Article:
Red and Blue Economies Are Heading in Sharply Different Directions

At a quick glance, red and blue metropolitan areas are performing equally well on average in the most watched indicators of labor market health.

Employment growth in the year ending in the first quarter of 2019 was 1.4 percent in both Democratic-leaning and Republican-leaning metro areas, and the unemployment rate in both types of places is roughly equivalent.

Silicon Valley (blue) is booming. So is Provo, Utah (red).

But below the surface, red and blue local economies are worlds apart on enduring, fundamental measures that determine their future prospects and their biggest economic challenges.

The correlations between deeper economic measures and how the contrasting metro areas voted in 2016 are striking.

In bluer metros, more residents have college degrees: The 10 large metros with the highest educational attainment each voted for Hillary Clinton by at least a 10-point margin. Median household incomes are higher in bluer metros even after adjusting for the cost of living, which is higher in bluer metros as well. (Metro area is a better measure for a local labor market than a neighborhood, city, county or state.)

And bluer metros have a more favorable job mix for the future, with fewer manufacturing jobs, a higher share of harder-to-automate “non-routine” jobs, and a higher share of jobs in occupations projected to grow faster.

These measures — education, household income, cost of living, non-routine jobs and projected job growth — are highly correlated with one another, and with voting Democratic.

Other economic measures are less strongly correlated with partisanship but still show a pattern. Bluer metros have less year-to-year volatility of job growth. In part that’s because goods-related sectors like manufacturing and mining are more volatile and are clustered in Republican-leaning areas.

(Over all, red America did a bit better in 2018, as manufacturing and other goods-producing sectors led job growth, while blue America has seen slightly bigger gains in 2019.)


Home values have risen more in bluer metros than in redder ones. And blue metros have a higher prime-age employment-population ratio, even though the unemployment rate varies little by partisanship. That’s because red metros have a higher share of prime-age adults who are not in the labor force and therefore aren’t counted in the unemployment rate.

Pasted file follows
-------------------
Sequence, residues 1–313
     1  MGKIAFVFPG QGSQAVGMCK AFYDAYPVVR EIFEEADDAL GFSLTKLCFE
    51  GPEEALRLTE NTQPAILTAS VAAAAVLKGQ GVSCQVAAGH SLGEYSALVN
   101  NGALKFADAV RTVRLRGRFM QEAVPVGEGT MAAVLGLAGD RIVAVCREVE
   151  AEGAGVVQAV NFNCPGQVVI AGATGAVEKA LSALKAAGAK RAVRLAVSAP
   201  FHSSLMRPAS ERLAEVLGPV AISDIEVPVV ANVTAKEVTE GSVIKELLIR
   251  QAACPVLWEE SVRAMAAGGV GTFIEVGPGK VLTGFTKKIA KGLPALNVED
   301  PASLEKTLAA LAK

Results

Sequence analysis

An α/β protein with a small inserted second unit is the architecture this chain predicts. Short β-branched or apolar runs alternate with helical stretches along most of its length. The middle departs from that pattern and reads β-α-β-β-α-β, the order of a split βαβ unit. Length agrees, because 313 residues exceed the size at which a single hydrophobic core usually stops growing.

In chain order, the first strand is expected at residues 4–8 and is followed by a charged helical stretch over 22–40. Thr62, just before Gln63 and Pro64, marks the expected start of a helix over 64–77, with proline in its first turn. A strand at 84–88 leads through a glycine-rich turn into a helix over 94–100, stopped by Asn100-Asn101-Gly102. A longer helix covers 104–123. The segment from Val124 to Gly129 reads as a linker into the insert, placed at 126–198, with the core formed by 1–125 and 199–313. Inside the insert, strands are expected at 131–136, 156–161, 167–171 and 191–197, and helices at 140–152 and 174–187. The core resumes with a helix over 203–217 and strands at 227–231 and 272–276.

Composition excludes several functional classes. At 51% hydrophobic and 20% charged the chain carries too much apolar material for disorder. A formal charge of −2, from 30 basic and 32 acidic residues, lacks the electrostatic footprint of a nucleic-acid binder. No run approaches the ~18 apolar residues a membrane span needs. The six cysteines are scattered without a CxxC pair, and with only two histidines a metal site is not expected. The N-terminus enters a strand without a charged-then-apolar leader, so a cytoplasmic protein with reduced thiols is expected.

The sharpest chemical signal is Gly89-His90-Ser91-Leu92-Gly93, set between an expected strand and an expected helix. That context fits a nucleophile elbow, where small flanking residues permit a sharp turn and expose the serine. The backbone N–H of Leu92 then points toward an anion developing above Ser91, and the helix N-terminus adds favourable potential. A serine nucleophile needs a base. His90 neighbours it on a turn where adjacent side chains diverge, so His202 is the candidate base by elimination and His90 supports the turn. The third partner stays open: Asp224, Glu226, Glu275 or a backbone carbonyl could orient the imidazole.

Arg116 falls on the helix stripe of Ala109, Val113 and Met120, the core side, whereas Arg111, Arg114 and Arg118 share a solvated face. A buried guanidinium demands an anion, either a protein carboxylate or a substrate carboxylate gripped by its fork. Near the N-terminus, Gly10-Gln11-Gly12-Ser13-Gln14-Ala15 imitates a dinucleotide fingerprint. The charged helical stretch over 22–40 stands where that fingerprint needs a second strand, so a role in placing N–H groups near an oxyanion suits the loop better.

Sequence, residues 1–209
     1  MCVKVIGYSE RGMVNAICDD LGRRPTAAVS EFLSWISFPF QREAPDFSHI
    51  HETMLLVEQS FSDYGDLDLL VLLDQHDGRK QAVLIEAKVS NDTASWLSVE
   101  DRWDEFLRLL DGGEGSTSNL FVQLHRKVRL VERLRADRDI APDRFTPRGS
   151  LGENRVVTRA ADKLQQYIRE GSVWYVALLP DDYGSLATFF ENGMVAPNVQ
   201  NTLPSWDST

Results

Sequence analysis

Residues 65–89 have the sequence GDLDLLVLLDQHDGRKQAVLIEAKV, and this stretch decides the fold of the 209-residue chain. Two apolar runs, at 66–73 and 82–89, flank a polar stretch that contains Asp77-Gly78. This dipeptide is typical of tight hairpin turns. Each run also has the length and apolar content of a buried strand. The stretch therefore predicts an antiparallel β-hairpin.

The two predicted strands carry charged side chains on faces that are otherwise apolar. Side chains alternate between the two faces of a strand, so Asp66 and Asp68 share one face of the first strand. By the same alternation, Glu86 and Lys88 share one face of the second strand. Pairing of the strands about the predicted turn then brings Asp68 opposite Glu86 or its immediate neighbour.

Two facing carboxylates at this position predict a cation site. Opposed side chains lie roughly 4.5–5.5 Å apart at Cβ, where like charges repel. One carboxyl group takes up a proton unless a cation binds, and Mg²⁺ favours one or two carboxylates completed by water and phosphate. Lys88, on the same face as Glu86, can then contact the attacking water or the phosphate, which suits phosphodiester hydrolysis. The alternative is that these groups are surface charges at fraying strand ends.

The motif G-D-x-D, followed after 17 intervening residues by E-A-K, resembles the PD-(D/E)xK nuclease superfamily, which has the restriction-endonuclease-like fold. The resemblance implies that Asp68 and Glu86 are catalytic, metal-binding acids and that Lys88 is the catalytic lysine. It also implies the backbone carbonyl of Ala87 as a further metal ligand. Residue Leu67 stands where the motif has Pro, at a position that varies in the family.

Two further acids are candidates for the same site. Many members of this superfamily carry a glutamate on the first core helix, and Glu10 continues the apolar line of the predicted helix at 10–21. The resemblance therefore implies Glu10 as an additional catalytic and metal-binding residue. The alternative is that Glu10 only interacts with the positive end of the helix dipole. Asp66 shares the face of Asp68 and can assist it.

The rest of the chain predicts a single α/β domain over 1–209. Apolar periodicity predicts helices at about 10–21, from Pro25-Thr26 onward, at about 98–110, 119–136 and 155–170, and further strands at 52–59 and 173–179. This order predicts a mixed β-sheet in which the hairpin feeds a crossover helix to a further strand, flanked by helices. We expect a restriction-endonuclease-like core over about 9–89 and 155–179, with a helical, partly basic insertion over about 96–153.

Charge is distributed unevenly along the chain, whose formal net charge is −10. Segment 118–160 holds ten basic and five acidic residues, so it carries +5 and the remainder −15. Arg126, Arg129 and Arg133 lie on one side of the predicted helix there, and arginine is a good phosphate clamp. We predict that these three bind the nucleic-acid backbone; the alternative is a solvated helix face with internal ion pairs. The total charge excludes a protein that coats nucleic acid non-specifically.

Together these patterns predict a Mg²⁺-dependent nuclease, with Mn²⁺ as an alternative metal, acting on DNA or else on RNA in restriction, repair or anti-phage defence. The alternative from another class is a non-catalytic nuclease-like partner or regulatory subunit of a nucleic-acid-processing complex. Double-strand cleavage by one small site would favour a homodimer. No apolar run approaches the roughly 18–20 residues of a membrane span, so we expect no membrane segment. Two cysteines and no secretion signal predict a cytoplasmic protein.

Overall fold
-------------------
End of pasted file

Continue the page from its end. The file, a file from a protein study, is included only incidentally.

a large white building with a mountain in the background: Provo, Utah, has many members of the Church of Jesus Christ of Latter-day Saints. Its metro area votes more Republican than its educational levels would predict.

But there are a few places that vote differently than you’d expect from their local economic fundamentals. Colorado Springs and the Provo-Orem area, for instance, have education levels and an occupation mix more typical of blue metros but voted for Donald J. Trump in 2016 by a wide margin. On the flip side, Stockton, Calif., and El Paso look more like red metros economically but voted for Mrs. Clinton.

Why do some metros vote differently than their economics might suggest they would? Race, ethnicity and religion. Metros that vote Democratic despite having lower education and a job mix more typical of redder metros tend to have large Hispanic populations, including many in inland California and on the Texas border. Metros that vote more Republican despite having higher education and a blue-metro job mix tend to be whiter. (Colorado Springs also has a large evangelical population, and Provo-Orem a large Mormon one.)

Although most economic fundamentals look better in bluer metros, national economic confidence is higher among Republicans. And people who are upbeat about the national economy tend to be upbeat about their local economy. But once you account for personal political views, local economic confidence is higher in blue metros than in red metros. That means Republicans in blue metros have the highest levels of local economic confidence.

Moreover, redder metros have their own advantages, especially for people in certain economic situations. The lower cost of living in redder metros is a big advantage for retirees and others not in the labor market.

Also, income inequality — and all the social and political challenges that come with it — tends to be lower in redder metros. And while cost-of-living-adjusted household incomes are higher in bluer metros, cost-of-living-adjusted salaries for a given occupation are typically higher in redder metros.

There’s a reason for this difference: Bluer metros tend to have higher-paying occupations and fewer prime-age adults out of the labor force, which increases household incomes. But if you move from a bluer to a redder metro and find a job in the same occupation, you’re likely to get an increase in salary after taking living costs into account.

The economic challenges of blue metros — affordability and inequality — are different than those of red metros, which face lower living standards and greater risks of job loss. Even if the economy takes a back seat in the 2020 election to health care, immigration and President Trump’s record, these economic differences won’t be far from the surface. And if national economic conditions soften, these differences will become more reason for partisan disagreement on urgent policy priorities.

Where will recent trends take us? These economic fundamentals — household income, cost of living, educational attainment, non-routine job share and projected job growth — were all more indicative of how a place would vote in 2016 than they had been in 2012.

If the places that moved left between 2012 and 2016 continue getting bluer — and the places that swung Obama-to-Trump keep getting redder — the local economies of red and blue America will keep growing further apart.

Jed Kolko is the chief economist at You can follow him on Twitter at @JedKolko.